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How do I detect if an uploaded file is an image using PHP?

I do not want to use imagesize() or check on the file extension.

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What does "an image" exactly mean? Which formats? – Pekka 웃 Aug 22 '10 at 14:26
What do you mean by "any format"? What about e.g. TIFF, PCX, PSD? What about RGB/CMYK images, is a CMYK JPEG (won't work in Internet Explorer) a valid image? Do you need to show the images in a browser? What about animated formats like animated GIF? – Pekka 웃 Aug 22 '10 at 14:28
What’s wrong with getimagesize? – Gumbo Aug 22 '10 at 14:32
@Jean do you intend to answer my questions? They are there for a reason. – Pekka 웃 Aug 22 '10 at 16:11
@Jean when you say "any format", the only real alternative is Imagemagick. No built-in PHP component can deal with as many formats as it can. As far as I know, there is no PHP component at all that can do this. – Pekka 웃 Aug 22 '10 at 18:56

4 Answers 4

up vote 8 down vote accepted

Don't be silly, use a tool especially made for this purpose - getimagesize()

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i thought that will just check the image size? not whether or not its an image? – Jiew Meng Aug 22 '10 at 14:46
@jiewmeng where is your logic? We can't have a size without an image, can we? – Your Common Sense Aug 22 '10 at 14:51
@jiwemeng from the manual: ... will determine the size of any given image file and return the dimensions along with the file type and a height/width text string ... – Pekka 웃 Aug 22 '10 at 14:57
assuming if the image is corrupted or contains malware – X10nD Aug 22 '10 at 15:24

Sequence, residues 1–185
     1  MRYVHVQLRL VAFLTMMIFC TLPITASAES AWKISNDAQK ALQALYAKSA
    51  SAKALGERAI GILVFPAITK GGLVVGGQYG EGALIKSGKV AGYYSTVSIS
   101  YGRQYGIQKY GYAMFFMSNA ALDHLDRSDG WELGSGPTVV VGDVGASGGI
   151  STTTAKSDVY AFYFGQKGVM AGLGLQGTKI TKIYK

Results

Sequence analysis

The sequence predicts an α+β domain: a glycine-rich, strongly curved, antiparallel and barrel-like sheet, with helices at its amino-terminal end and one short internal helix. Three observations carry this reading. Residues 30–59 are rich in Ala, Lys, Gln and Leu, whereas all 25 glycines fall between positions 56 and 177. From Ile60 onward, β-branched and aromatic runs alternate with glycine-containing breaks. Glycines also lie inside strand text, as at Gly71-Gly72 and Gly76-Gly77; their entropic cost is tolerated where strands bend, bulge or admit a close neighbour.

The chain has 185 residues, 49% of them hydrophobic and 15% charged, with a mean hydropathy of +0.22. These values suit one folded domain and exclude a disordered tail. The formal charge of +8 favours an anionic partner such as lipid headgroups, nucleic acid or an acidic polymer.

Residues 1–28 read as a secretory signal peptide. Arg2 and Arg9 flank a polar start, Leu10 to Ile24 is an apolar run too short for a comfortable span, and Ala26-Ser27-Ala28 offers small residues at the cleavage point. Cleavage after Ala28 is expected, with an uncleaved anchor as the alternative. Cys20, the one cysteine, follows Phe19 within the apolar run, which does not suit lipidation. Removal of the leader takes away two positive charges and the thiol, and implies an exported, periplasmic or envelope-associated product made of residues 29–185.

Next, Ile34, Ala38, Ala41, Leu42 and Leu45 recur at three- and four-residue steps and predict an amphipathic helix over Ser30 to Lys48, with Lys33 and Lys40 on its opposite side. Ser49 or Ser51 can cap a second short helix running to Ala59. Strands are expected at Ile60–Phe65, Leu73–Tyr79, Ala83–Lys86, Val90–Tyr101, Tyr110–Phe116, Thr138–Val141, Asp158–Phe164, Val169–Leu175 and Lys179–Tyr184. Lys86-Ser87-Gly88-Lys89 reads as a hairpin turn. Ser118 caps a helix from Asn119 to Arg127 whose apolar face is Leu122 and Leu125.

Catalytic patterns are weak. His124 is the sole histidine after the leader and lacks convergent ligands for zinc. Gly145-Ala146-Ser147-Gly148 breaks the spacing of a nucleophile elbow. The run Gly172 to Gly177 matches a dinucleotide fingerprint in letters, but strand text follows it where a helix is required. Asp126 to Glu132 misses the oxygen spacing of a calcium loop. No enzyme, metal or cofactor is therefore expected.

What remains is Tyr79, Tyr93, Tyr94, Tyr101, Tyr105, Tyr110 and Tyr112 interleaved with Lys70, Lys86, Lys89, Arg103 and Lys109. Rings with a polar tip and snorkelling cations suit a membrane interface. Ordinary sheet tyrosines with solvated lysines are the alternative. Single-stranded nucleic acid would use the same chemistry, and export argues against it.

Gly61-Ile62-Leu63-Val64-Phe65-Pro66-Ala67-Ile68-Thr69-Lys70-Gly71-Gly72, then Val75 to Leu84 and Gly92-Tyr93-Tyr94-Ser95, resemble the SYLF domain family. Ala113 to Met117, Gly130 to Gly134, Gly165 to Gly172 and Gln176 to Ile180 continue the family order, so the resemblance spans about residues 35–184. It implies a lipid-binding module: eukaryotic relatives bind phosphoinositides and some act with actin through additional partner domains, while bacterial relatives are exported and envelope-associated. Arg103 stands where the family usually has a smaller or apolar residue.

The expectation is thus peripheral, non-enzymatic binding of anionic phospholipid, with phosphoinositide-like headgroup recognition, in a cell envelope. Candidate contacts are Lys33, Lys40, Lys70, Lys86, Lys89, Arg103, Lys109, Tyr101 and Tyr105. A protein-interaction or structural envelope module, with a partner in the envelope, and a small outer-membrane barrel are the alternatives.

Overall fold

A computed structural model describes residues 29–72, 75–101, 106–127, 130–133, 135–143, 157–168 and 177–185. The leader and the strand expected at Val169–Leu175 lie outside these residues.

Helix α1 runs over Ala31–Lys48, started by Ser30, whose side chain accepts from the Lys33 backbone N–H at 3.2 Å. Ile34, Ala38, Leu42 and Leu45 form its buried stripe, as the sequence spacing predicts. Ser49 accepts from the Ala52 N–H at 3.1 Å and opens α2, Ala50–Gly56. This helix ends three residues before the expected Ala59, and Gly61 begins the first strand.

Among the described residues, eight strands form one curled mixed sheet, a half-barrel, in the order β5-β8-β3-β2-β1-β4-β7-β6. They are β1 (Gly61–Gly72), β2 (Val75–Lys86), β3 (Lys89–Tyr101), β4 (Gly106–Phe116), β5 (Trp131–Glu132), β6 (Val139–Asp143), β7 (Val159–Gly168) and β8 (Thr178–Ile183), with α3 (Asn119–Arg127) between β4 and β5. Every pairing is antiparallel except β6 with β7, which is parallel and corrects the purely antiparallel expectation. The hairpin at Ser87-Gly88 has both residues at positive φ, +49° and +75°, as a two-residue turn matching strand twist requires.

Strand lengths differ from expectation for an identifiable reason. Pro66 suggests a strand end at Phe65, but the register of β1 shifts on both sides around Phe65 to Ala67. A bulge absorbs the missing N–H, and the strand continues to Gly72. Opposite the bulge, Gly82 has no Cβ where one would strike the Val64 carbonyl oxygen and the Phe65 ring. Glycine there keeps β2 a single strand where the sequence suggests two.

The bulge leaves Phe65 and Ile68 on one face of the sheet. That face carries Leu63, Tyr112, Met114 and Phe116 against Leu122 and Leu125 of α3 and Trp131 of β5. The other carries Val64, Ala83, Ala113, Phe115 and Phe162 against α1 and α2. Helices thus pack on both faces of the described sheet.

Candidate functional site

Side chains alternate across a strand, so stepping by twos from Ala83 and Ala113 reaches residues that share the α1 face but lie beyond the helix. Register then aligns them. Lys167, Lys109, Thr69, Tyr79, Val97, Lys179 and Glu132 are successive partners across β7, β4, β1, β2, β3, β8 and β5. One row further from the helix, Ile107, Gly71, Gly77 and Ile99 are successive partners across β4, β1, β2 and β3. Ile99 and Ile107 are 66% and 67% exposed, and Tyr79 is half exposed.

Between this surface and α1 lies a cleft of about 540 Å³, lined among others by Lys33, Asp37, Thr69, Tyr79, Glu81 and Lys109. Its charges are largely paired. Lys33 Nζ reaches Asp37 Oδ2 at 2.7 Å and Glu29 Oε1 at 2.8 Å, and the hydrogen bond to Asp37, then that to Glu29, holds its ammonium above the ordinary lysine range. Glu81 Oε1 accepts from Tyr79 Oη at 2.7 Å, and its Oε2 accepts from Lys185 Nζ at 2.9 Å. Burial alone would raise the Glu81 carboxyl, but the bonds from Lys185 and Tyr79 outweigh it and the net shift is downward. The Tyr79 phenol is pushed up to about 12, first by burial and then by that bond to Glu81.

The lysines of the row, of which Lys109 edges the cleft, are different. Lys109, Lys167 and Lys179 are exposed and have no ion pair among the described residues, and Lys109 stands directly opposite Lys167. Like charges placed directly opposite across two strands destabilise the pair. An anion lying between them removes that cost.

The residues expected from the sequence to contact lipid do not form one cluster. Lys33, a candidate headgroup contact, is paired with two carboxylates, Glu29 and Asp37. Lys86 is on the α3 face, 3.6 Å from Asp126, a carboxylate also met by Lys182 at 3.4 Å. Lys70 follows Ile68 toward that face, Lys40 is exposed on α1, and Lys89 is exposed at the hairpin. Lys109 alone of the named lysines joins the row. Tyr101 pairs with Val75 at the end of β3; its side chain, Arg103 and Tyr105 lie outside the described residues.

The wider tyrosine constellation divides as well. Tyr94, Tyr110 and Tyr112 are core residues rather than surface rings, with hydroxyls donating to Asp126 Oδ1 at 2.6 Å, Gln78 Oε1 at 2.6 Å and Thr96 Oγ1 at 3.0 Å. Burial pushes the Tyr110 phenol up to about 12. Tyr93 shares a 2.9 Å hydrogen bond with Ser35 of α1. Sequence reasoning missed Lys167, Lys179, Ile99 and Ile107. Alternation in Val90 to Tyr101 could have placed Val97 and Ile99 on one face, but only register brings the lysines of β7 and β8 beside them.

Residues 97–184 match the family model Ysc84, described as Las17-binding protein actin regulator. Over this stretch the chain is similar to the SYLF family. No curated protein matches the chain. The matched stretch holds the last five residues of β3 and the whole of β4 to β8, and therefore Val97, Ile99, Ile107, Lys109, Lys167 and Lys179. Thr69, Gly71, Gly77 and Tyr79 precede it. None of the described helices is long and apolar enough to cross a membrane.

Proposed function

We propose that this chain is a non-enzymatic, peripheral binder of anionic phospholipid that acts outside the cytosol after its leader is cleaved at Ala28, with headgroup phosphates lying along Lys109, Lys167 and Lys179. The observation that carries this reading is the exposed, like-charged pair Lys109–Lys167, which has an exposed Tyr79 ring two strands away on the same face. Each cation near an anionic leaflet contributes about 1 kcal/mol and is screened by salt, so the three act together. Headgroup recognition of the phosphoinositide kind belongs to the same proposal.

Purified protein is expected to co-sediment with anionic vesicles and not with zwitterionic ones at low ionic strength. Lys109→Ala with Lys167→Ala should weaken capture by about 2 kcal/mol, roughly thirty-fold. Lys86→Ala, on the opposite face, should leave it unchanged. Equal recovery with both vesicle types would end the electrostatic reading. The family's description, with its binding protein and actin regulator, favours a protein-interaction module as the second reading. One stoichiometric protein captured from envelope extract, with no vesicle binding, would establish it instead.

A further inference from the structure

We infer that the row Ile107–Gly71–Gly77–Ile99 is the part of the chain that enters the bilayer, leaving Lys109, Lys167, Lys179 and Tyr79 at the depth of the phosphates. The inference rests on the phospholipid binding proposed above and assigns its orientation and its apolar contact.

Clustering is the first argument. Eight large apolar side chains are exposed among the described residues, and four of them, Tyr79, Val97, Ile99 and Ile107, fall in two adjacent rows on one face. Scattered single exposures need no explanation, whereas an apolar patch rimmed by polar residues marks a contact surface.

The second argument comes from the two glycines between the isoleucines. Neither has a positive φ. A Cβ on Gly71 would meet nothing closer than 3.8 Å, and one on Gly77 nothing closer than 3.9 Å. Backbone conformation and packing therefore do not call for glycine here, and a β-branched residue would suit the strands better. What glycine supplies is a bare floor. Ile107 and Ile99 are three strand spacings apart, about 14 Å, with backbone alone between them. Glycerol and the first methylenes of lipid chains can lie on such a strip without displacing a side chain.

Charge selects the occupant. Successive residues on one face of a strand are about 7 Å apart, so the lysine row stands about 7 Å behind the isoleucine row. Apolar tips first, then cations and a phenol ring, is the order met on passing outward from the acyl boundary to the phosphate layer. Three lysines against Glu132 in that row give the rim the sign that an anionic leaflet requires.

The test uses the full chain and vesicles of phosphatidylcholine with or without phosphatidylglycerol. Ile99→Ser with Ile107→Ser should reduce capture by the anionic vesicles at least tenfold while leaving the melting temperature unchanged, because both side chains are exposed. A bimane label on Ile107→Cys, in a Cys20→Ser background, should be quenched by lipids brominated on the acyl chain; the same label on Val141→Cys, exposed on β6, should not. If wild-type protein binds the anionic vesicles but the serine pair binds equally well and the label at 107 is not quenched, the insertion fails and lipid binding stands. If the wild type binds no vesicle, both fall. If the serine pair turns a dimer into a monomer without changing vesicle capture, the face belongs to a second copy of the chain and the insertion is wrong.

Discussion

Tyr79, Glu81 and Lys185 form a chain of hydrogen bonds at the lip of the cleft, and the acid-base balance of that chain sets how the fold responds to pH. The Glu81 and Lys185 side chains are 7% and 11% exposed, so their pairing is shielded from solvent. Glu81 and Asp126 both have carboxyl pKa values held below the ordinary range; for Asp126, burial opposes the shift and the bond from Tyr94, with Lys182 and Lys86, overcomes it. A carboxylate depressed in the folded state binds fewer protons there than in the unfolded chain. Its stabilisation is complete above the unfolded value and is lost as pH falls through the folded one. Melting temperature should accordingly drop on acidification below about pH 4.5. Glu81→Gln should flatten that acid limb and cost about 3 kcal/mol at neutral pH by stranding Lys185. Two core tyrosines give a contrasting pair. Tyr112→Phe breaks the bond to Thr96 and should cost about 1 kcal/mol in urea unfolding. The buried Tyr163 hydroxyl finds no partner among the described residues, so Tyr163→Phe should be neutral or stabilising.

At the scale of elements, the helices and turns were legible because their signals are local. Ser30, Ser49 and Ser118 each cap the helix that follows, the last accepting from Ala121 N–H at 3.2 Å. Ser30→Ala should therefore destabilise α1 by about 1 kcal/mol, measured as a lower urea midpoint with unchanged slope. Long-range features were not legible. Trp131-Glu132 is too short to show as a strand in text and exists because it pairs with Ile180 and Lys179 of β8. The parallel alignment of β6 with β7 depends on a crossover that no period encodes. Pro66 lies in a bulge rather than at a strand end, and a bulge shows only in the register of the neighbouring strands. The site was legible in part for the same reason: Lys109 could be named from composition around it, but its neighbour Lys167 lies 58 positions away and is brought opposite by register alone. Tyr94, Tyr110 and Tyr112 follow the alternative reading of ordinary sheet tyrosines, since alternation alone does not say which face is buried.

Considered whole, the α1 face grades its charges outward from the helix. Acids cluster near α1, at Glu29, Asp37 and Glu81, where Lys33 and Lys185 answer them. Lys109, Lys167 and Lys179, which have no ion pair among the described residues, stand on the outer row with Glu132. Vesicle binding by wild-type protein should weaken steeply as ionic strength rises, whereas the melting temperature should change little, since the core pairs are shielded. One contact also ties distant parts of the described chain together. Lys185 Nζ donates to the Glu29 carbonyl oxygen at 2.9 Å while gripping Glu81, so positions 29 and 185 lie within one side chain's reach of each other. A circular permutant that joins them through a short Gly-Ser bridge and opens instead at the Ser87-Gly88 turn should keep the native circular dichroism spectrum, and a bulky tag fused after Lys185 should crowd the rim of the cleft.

@Jean there is nothing bad in "malware" as long as you do not include these images in your scripts. And There is no sense in mentioning corrupted images. Any method you use will have to deal with it. – Your Common Sense Aug 22 '10 at 15:54

You could use the ImageMagick identify tool to obtain information on a wider variety of image formats than getimagesize() supports, e.g.

$info = `identify $uploaded`;

Here's some sample output for a JPEG

img029.jpg JPEG 1240x1753 1240x1753+0+0 8-bit PseudoClass 256c 27.3KiB 0.000u 0:00.000
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Good solution - provided ImageMagick is installed and external binaries can be invoked, of course. – Pekka 웃 Aug 22 '10 at 14:56
bit overkill though? – Kieran Allen Aug 22 '10 at 15:24
@Kieran not if he wants to detect more image formats than those supported by getimagesize(). – Pekka 웃 Aug 22 '10 at 15:50
@Kieran Allen: the OP has specified (in a comment) that "the image can be in any format"; I'm pretty certain that getimagesize doesn't support PCX, for example. – Piskvor Aug 24 '10 at 7:59

If you are talking about images that are going to be displayed in the browser, and you want to make as sure as possible they are valid images, I recommend opening them in GD using the appropriate imagecreatefrom*() function and saving them back in the desired target format.

That not only makes sure they are images - this won't work if the input data is broken - but it also filters out any possible shenanigans exploiting leaks in the browsers' graphics libraries, and removes Metadata contained in the image (which often contains sensitive info like author, program(s) used to create the image, camera, location and shooting time) and makes sure the image can be viewed in the browser (CMYK JPG uploads, which will not display in any Version of IE, won't work.)

A potential downside of this is that JPEG images may suffer from a slight loss of quality (GD's JPG encoding quality is not good) and there may be problems with images with transparencies.

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+1 for doing the re-encoding. This can also be done by the IMagick extension, which is less resource heavy. – Emil Vikström Aug 22 '10 at 14:50

You can use mime_content_type and verify the types of the uploaded file. Since mime_content_type is deprecated you can use its alternate finfo_open.

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"This function has been deprecated" – svens Aug 22 '10 at 14:33
Use fileinfo() instead, it's the replacement for mime_content_type – Marc B Aug 22 '10 at 16:57

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